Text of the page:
Mr. A. A. McLEAN:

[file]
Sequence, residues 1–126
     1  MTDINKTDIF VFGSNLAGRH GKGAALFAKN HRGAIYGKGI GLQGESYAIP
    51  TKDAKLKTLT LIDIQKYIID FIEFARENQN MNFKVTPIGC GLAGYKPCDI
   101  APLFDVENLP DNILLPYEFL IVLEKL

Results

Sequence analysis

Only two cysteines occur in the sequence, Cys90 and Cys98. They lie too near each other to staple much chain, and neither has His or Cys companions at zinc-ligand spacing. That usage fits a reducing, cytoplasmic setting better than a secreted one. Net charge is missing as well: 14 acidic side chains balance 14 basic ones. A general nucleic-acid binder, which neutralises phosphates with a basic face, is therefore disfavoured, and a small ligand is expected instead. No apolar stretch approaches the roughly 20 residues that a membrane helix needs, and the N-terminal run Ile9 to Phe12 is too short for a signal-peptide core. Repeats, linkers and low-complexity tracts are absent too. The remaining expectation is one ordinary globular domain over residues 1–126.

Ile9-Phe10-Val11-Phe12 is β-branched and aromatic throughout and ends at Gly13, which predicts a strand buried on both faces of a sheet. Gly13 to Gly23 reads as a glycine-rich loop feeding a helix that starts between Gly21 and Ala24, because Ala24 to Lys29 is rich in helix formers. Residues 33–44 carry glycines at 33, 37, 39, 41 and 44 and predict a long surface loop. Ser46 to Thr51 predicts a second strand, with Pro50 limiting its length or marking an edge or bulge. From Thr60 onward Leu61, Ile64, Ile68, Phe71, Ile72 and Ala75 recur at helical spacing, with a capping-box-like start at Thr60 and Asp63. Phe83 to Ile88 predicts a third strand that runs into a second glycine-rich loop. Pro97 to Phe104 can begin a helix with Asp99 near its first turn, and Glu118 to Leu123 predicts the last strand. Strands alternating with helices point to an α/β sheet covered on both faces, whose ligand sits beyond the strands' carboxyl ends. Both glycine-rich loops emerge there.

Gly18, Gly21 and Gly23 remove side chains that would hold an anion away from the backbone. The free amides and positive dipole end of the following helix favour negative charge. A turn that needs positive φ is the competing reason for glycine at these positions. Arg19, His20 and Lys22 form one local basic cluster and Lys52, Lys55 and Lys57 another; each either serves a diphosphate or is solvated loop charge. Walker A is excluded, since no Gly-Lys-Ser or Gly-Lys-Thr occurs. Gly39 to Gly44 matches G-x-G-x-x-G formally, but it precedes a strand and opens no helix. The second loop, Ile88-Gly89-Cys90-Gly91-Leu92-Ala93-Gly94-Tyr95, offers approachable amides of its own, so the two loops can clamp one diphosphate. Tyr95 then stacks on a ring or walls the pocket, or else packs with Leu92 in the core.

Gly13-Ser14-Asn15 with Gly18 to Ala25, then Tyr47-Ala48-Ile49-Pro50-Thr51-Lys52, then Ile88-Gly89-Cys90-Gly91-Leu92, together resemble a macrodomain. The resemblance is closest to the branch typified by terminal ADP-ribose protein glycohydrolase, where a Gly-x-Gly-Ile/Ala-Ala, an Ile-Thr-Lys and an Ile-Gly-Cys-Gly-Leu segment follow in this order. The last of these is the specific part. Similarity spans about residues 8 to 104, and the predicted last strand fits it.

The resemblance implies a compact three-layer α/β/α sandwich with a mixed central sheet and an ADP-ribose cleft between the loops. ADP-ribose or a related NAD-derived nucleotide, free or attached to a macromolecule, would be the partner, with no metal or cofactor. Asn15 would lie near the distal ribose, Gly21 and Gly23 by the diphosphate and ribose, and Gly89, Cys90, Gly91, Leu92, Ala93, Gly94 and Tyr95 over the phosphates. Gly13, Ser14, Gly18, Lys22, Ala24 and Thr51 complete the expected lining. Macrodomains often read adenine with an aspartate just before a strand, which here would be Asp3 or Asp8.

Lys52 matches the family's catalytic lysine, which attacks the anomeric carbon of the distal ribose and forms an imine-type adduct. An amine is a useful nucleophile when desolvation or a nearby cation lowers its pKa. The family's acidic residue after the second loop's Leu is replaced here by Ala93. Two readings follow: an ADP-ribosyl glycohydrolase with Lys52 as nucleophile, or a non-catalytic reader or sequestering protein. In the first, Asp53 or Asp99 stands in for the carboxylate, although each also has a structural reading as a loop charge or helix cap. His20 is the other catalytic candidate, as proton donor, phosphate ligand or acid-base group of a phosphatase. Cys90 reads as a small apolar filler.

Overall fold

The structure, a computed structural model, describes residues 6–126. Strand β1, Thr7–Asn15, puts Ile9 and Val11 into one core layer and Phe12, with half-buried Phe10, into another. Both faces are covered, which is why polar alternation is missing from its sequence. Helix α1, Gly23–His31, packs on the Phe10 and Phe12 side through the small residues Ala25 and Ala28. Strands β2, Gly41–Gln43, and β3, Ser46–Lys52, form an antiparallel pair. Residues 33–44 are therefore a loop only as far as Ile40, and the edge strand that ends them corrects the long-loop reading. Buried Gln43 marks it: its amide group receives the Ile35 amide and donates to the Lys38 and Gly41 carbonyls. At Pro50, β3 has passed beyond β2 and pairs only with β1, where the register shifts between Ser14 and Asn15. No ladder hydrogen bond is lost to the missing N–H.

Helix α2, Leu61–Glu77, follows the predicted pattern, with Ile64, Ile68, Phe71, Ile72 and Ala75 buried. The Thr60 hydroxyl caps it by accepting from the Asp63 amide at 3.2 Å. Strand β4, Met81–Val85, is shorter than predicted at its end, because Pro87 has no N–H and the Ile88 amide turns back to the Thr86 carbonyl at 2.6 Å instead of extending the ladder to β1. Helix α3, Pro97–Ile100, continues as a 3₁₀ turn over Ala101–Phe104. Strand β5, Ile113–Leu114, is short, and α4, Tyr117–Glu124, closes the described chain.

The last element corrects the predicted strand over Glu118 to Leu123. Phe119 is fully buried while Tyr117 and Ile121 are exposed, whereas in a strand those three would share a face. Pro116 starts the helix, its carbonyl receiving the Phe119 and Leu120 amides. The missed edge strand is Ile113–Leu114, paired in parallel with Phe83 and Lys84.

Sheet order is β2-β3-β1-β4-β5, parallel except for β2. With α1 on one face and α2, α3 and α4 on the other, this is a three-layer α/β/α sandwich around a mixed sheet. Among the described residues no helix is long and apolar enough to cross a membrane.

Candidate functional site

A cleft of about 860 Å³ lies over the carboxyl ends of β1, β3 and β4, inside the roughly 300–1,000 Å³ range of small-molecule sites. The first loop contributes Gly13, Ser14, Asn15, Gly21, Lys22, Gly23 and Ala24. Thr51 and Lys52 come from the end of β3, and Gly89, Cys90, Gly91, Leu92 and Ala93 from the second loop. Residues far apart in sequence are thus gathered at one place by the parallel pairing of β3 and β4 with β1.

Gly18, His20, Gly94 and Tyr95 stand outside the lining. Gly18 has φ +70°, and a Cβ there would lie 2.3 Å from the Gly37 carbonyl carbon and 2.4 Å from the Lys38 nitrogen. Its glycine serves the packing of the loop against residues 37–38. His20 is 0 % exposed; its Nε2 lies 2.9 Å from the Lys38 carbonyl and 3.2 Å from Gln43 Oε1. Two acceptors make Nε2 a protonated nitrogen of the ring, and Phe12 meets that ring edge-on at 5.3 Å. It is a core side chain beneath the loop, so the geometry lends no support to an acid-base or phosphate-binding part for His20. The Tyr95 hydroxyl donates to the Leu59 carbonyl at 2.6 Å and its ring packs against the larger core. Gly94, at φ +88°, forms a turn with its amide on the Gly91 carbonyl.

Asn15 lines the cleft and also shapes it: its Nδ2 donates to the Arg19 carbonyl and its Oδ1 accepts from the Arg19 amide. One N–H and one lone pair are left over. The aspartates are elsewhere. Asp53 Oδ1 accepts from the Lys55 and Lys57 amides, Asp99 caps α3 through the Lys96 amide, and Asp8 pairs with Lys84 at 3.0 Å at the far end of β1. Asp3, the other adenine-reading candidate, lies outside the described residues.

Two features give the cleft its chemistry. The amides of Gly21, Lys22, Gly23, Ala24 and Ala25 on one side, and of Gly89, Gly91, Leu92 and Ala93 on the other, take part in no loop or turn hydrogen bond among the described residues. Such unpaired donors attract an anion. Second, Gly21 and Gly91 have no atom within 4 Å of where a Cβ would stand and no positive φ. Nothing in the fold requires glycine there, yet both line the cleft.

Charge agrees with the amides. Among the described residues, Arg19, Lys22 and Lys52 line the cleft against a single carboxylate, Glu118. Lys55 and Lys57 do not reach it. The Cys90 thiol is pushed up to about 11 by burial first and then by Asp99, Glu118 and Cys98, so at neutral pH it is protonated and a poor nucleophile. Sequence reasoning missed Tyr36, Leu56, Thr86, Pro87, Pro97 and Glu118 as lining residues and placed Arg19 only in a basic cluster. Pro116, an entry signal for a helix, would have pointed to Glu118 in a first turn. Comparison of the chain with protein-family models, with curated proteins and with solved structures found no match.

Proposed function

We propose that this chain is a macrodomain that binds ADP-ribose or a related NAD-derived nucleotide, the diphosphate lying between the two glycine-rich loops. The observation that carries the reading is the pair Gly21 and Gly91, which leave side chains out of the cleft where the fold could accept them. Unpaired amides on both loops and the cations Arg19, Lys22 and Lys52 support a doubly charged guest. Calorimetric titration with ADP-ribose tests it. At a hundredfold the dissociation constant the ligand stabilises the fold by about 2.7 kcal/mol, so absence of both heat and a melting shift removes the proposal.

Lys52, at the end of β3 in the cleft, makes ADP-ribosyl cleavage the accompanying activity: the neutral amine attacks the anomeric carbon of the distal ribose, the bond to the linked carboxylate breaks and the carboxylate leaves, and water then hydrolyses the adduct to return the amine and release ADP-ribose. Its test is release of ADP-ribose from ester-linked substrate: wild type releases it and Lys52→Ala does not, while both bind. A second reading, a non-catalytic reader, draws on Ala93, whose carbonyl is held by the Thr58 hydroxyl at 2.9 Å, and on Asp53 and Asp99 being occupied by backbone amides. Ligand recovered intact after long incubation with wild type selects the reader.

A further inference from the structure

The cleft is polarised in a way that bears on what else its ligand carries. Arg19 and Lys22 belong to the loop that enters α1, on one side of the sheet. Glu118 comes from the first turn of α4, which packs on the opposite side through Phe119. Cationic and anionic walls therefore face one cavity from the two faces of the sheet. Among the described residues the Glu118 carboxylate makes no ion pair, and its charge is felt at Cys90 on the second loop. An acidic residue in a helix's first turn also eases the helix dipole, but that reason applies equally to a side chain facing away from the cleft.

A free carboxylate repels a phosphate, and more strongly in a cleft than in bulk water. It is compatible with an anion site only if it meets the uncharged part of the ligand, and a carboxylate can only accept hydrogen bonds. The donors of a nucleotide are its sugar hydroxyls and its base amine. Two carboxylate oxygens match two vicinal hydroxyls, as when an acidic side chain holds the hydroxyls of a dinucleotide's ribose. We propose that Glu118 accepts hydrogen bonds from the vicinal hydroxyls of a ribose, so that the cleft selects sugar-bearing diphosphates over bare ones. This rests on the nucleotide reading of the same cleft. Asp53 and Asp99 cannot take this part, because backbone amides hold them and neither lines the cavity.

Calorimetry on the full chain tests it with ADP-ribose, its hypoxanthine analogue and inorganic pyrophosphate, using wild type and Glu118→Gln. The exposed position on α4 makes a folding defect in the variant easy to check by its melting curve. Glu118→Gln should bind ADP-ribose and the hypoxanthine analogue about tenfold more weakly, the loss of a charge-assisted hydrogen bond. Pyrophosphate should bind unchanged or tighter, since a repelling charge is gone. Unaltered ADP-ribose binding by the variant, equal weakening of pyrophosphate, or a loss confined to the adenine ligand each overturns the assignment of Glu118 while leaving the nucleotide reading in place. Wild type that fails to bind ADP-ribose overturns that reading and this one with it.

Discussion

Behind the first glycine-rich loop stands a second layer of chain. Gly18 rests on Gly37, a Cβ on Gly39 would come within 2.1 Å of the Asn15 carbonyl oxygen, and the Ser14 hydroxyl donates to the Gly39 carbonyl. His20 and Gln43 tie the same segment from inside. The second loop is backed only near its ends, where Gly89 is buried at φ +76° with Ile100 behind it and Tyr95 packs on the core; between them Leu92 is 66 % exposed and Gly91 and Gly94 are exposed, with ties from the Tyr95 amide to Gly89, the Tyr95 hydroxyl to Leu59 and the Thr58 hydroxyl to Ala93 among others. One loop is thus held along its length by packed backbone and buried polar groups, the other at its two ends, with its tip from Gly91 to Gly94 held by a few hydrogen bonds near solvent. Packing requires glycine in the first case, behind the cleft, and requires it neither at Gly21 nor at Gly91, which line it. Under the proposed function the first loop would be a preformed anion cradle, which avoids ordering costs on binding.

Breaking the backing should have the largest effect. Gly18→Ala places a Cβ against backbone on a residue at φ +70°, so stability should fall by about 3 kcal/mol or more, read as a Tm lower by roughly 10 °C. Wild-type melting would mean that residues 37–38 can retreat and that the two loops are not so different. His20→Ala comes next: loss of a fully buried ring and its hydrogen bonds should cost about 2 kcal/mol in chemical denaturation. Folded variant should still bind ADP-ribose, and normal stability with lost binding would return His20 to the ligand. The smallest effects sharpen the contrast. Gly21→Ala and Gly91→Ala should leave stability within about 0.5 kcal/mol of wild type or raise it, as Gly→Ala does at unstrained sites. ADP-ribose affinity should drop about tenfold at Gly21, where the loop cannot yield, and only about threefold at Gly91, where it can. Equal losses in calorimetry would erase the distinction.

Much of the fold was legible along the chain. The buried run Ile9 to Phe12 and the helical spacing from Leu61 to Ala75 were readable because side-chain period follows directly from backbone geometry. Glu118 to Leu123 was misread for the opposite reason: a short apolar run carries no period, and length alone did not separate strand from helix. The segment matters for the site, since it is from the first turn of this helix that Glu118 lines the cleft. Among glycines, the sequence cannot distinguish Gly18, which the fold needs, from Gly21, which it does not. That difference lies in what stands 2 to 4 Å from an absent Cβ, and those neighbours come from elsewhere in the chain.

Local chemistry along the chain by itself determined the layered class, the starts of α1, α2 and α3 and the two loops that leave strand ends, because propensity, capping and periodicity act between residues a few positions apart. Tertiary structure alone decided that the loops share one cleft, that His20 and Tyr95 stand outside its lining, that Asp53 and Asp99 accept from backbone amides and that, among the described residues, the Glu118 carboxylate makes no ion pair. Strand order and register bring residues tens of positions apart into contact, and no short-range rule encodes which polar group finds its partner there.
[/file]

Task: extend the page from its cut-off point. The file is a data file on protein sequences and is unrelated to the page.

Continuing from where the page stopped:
I should like to refer to the deductions which have recently been made in pensions. Since the Order in Council of June 30, reductions have been made in the pensions of men permanently injured in the war. Now I think that is absolutely against the provisions of the Order in Council, Section 8 of which is to the effect that each case shall be subject to review at the end of a year from the time the pension is first granted, except in those cases where the disability is obviously permanent, and then there shall be no further review. That is, if a man was receiving $11 a month, he could not at the expiration of a year, if he was permanently injured, have any reduction made in his pension. Yet, notwithstanding the fact that the injury is permanent, my information is that the pension has been reduced by the commission from $11 to $8 a month. It is evident from the provision of the Order in Council that if a man has a permanent injury and receives a pension, the pension remains as -it was originally and must not be decreased. The idea of decreasing the pension is obviously against the meaning and purport of this Order in Council, and of the resolution which was passed in this House last May, and I would like to get the opinion of the Law Officers of the Crown in regard to it. There are a great number of cases in which those pensions have been reduced without any just cause ot reason; they were reduced in contravention of the wording of this Order in Council.